I really enjoyed my stroll through Orangefield Park, above, even calling up the relevant song on Spotify, plugging in my earbuds, and listening to it as I walked. Dorky but perfect.

On a golden autumn day
You came my way in Orangefield
Saw you standing by the riverside in Orangefield
How I loved you then in Orangefield
Like I love you now in Orangefield…


Then I hopped a double-decker bus back to Donegall Square, above, in the city center (only because I couldn’t get a cab to stop).


There was a Christmas market going on in front of City Hall.

I felt like I’d really been somewhere — not just to the other side of town, but to a different era, and I came back with a prize: a deeper appreciation for the source of the music I’ve so enjoyed over the years.

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In Dublin’s Fair City


THERE ARE 850 PUBS in Dublin — down from a peak of 4,000 in centuries past, when every other home, thanks to enterprising beer-brewing housewives, became a ‘public house.’ That’s one of the fascinating factoids I learned on my first-ever visit to Ireland’s capital city.

My cousin Susan and I visited quite a few of those pubs, with an emphasis on the historic, and sampled their fine products. I’m now a fan of Irish whiskey, neat (Red Breast, Yellow Spot, Teelings) and of Guinness, which I thought I wouldn’t like, but after a day of tromping around Dublin’s cobblestone streets and mingling with the Christmas-shopping crowds, I found it just the revivifying, delicious thing.

When it’s on draft at an atmospheric, 300-year-old Dublin pub, where they pull it at just the right angle and let it sit for a specified length of time before topping it off, and serve it at just the right temperature, one can easily begin to understand why Guinness is a national obsession.

Three-and-a-half days in Dublin — a place I’d long wanted to visit — was all good. The city is civilized, safe, friendly, easy to navigate. We had several outstanding meals without half trying. Our hotel, Staunton’s on the Green, in a Georgian townhouse, was centrally located, gracious and comfortable.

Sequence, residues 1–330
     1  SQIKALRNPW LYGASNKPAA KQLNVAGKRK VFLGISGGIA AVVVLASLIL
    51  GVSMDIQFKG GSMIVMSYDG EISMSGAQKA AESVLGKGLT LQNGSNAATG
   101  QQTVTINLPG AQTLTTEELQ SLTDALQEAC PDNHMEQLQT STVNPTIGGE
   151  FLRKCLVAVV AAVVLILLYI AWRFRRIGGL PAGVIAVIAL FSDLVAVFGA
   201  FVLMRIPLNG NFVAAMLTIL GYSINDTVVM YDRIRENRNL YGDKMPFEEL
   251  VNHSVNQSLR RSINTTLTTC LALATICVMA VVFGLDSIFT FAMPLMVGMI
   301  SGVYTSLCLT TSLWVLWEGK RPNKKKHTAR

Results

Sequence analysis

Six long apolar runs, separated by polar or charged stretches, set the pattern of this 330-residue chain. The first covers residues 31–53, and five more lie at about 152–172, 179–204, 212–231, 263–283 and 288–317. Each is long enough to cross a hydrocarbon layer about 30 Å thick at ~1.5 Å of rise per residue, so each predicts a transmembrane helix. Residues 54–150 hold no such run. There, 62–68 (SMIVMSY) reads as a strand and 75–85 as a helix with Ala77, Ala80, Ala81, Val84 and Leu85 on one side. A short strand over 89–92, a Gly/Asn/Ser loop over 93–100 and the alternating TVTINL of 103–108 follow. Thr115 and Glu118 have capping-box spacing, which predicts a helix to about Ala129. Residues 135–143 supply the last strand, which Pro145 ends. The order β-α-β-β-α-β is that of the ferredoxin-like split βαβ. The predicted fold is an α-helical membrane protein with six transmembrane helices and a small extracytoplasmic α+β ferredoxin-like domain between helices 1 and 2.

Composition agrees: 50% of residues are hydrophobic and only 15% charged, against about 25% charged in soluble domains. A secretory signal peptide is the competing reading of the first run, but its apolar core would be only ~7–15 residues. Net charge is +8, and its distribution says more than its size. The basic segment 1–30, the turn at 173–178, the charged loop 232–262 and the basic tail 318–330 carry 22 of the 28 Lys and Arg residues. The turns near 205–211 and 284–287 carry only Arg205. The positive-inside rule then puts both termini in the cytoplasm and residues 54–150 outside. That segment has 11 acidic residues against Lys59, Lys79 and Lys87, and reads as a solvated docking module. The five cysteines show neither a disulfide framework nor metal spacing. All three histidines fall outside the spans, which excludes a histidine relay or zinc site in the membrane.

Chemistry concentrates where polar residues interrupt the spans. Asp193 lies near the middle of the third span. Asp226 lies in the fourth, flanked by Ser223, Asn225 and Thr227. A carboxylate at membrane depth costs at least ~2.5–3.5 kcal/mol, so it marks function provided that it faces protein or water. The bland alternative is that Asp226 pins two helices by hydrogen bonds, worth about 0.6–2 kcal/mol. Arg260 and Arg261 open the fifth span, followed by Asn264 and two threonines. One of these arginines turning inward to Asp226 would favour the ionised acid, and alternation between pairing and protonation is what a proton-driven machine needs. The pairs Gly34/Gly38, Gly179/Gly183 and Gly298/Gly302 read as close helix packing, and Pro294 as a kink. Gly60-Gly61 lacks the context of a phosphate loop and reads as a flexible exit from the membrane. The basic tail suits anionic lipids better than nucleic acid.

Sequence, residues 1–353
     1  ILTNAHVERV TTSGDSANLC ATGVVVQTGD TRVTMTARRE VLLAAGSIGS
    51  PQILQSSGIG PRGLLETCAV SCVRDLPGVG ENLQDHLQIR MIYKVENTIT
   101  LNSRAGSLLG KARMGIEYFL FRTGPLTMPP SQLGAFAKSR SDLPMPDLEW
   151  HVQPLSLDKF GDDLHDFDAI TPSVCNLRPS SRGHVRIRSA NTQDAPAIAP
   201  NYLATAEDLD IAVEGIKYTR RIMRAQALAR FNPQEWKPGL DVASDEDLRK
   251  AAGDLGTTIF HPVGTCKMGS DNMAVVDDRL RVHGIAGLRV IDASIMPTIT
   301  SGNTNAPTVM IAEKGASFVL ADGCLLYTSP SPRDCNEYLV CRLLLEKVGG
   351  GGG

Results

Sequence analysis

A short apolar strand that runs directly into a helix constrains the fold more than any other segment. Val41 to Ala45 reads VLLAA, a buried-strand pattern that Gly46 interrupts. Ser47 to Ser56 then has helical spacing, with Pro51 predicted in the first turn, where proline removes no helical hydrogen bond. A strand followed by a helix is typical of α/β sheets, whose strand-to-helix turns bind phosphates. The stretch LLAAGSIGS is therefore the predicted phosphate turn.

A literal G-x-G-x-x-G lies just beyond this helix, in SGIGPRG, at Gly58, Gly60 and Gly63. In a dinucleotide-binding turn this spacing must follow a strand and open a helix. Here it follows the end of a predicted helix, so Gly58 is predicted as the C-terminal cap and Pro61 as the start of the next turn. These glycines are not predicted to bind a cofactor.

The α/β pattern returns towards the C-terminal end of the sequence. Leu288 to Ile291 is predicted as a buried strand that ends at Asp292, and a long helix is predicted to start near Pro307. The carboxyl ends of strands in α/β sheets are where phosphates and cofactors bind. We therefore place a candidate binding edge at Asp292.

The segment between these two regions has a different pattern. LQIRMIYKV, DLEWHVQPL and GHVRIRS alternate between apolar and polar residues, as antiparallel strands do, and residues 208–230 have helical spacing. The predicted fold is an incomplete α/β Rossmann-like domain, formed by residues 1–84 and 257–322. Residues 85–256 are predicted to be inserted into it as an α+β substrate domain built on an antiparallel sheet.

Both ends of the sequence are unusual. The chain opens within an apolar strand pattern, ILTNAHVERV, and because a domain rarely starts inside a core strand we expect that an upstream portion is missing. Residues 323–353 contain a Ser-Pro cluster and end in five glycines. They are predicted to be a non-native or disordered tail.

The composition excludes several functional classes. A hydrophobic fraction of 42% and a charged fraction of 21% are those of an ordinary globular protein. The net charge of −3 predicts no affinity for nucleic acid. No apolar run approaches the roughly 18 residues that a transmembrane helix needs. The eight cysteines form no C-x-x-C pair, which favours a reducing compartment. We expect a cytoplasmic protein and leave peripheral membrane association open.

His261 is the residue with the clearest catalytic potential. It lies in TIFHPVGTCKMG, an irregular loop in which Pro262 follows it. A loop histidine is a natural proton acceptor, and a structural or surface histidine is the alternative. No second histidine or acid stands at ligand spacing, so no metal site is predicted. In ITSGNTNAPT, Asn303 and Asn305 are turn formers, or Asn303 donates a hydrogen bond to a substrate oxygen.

Days are short in Dublin this time of year, with the sun coming up just before 8:30AM (!) and setting at 4. but we packed them full.

We toured Trinity College, top, with its 400-plus-year-old library, The Long Room, surely one of the world’s great interior spaces, and saw the Book of Kells, a millenium-old illuminated manuscript, as well as the original harp that became Ireland’s national symbol.

We saw hoards of Bronze Age gold jewelry at the national archaeology museum; took a gleefully touristy nighttime “literary pub crawl” led by a pair of funny and talented old pros; heard live traditional Irish music with fiddles and flutes; visited the small Irish Jewish Museum, poignant in its modesty; got a sense of Oscar Wilde’s posh childhood on Merrion Square and George Bernard Shaw’s working-class birthplace; tried on hats in millinery stores; ventured to Dublin’s medieval Christ Church Cathedral; found ourselves on the main shopping drag of Grafton Street (not especially interesting) all too often, and on the main drinking drag of Temple Bar just once, which was enough.

On Day 1 of our visit, when the bright, low winter sun cast long shadows on the manicured lawns of St. Stephen’s Green, Dublin was uplifting. On subsequent days, when the sky was bleak and gray and damp (exactly the weather I expected), it wasn’t quite as, though the city’s over-the-top holiday lighting goes a long way toward making up for the hours of dark.

I enjoyed the streets lined with late 17th and early 18th century flat-fronted brick townhouses with tall paned windows, and especially their multicolored doors under arched fanlights. There’s a goodly amount of spectacular Victorian commercial architecture in Dublin, and an unfortunate amount (well, any amount would be unfortunate in my book) of brutally misguided 1960s and ’70s building, with which the city is now stuck.

Is Dublin a beautiful city? Yes, though a visit at another season would probably make me  even more emphatic on that point. Have a look at my photos below, and see what you think.


Festive lighting in the shopping district compensate for the long hours of winter dark 


Above, our elegant high-ceilinged digs


Above, St. Stephen’s Green, the city’s largest park, on Day 1


Above: Trinity’s campinile; our cute tour guide in the gown once required wearing for all students; the college’s awe-inspiring, wood-vaulted Long Room; the legendary ancient harp that is  Ireland’s national symbol (more prevalent than the shamrock, even)

Below, a sampling of Dublin’s old-school pubs, including Kehoe’s, Toner’s, O’Donoughue’s


Late-day walk past Dublin Castle to the Cathedral, below


The River Liffey, by day and by night:


Weird scene near an illuminated statue of Wolfe Tone, leader of the 1798 Irish Rebellion, below


Classical Revival doors galore, with columns and fanlights, below